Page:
Labor Day – Origins and Impact

Wagon Days Ketchum, Idaho 2018

The first Labor Parade – New York, September 5th 1882

 

 

 

 

 

 

 

 

 

 

 

 

 

 

 

 

 

 

 


Today is Labor Day.  In the current times it signals the official end of summer. Summer vacations are in the memory books and schooling has geared back into play.  College football uses the weekend to begin its season in earnest.  On some years it shares the day of the anniversary of my marriage to Linda Ruth Hutchins (September 4th 1982).  This year our 36th Anniversary is the following day (Tuesday).

In my native Michigan, the Mackinac Bridge closes to automobile traffic for walkers to cross.  It my home of the Wood River Valley of Idaho, Wagon Days – including the largest non-motorized parade in the United States – comes to an end.

Labor Day came to fore in the early 1880’s as a means for trade and organized labor unions to petition for the 8 hour work day and celebrate the hard work of general laborers.  Two versions of its origins – Knights of Labor and American Federation of Labor – proposed in 1882 the first Monday of September be designated a national holiday.  Oregon was the first state to officially recognize Labor Day.  It became a U.S. Federal Holiday in 1894.  Canada celebrates Labor Day on the same day as the U.S.  About 80 countries celebrate International Workers Day or May Day (May 1st) to recognize the deadly Haymarket Affair in Chicago in 1886 (striking for the 8 hour work day).  Ironically, the U.S. eventually decided picnics, parades, and warm summer weather of early September was the better choice.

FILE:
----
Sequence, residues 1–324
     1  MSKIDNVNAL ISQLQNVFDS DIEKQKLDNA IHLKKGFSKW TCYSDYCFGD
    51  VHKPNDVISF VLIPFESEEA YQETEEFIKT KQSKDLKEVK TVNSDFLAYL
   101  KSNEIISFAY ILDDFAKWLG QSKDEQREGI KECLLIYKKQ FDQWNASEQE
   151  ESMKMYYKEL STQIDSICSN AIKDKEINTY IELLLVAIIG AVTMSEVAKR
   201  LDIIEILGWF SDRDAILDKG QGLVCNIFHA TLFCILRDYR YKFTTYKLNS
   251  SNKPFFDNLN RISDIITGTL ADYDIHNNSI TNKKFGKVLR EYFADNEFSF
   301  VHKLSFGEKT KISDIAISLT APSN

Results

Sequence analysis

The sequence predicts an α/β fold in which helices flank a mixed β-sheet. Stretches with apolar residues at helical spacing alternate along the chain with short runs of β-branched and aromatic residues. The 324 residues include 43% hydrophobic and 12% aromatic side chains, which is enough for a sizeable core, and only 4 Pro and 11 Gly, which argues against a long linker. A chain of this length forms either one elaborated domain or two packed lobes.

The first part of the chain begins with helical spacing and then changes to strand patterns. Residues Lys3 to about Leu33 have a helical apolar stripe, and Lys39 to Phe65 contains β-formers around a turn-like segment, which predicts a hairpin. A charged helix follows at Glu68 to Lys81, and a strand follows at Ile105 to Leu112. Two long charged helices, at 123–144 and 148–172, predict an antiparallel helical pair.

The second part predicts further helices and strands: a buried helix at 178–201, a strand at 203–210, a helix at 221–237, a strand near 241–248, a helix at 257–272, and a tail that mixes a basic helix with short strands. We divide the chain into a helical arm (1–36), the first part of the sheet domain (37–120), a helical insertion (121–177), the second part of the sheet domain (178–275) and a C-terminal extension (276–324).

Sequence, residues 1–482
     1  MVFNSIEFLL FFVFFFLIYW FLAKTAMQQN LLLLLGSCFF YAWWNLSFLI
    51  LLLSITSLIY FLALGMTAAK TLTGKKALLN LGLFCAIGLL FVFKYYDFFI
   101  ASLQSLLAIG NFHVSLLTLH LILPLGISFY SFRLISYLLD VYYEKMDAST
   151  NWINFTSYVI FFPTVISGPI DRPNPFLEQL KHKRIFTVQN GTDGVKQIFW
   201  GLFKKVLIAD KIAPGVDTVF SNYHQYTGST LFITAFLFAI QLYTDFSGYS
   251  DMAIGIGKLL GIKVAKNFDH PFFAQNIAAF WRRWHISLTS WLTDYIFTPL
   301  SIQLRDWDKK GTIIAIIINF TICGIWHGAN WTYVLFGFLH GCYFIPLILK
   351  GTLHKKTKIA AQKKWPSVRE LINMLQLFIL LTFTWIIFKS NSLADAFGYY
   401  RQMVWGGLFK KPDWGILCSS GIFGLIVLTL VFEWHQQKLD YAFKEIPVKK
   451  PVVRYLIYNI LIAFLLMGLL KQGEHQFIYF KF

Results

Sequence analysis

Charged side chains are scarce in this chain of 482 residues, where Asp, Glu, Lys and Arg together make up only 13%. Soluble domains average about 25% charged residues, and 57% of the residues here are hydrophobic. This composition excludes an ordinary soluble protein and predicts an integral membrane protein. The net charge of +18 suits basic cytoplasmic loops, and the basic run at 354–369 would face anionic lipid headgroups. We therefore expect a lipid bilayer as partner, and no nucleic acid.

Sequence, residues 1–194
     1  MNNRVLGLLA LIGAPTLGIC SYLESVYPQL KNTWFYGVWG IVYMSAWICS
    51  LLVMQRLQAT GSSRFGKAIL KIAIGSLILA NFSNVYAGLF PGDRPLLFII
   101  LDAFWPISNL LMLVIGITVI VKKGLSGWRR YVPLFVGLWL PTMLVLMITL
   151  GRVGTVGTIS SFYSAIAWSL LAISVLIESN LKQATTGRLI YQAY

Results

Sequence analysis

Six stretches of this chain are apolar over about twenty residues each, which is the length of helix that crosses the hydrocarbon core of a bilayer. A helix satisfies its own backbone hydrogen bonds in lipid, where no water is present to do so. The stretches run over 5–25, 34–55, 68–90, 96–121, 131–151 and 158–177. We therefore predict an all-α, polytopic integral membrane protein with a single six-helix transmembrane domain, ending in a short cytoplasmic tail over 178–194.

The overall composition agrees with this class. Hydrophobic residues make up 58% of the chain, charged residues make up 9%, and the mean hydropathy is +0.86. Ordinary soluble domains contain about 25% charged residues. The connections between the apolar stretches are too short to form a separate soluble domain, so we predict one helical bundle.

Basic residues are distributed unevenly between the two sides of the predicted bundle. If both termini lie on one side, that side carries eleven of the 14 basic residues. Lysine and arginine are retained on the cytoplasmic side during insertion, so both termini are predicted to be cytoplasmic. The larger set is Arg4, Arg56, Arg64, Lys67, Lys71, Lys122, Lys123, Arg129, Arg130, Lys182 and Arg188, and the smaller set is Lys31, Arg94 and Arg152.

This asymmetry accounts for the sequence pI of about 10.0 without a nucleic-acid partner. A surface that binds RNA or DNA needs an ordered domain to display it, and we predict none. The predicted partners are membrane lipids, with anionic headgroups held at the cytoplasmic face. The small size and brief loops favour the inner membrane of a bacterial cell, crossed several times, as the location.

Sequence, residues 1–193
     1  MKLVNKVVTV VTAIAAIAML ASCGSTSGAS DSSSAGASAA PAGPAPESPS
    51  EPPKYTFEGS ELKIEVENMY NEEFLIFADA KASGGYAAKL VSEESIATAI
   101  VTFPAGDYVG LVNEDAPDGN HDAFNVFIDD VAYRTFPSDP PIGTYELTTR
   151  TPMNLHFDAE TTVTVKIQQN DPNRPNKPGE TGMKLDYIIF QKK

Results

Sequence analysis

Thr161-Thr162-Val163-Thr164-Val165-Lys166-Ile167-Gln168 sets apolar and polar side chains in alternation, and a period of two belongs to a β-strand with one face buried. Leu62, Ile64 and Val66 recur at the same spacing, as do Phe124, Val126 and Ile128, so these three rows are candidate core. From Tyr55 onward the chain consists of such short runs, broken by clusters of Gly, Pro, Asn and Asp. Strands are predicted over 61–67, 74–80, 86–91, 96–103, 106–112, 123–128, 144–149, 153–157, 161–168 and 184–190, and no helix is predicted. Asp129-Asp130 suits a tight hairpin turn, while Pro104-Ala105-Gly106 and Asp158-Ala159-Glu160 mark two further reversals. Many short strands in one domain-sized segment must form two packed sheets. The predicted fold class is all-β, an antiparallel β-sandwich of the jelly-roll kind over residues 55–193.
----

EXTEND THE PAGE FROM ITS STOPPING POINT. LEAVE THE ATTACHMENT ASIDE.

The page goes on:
On this day, I plan on taking Sage of the Wood River Valley and Willow of the Wood River Valley through training exercises. They are our two Border Collies who joined the Lubeck family on Mother’s Day at the age of 12 weeks.  Shae dog (now age 15) will observe the endeavor.

Linda and I will go on a hike and a picnic with new some friends who moved to the valley this summer.

So what will you be doing this Labor Day?

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